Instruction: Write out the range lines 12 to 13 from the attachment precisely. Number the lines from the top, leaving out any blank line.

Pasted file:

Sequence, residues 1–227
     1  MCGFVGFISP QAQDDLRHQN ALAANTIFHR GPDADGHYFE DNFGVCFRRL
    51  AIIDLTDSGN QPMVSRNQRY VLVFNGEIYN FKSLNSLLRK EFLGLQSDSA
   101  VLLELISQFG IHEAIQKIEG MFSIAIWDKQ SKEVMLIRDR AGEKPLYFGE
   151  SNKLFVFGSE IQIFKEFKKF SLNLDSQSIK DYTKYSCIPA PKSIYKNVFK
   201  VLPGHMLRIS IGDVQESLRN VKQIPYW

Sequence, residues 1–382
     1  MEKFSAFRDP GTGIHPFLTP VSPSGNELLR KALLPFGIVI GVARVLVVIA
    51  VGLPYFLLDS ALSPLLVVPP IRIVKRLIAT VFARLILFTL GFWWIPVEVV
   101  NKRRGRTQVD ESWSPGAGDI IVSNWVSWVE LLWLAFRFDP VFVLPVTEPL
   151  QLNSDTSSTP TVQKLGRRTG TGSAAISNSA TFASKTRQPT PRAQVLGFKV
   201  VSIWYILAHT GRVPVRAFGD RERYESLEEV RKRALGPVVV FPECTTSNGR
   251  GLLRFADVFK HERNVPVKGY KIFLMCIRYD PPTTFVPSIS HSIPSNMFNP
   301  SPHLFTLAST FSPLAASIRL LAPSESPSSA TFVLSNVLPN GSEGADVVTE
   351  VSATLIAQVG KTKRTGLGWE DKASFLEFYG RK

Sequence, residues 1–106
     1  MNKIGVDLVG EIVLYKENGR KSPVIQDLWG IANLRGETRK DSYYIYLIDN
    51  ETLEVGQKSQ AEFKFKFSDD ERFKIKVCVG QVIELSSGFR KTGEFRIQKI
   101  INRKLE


   201  VSIWYILAHT GRVPVRAFGD RERYESLEEV RKRALGPVVV FPECTTSNGR
   251  GLLRFADVFK HERNVPVKGY KIFLMCIRYD PPTTFVPSIS HSIPSNMFNP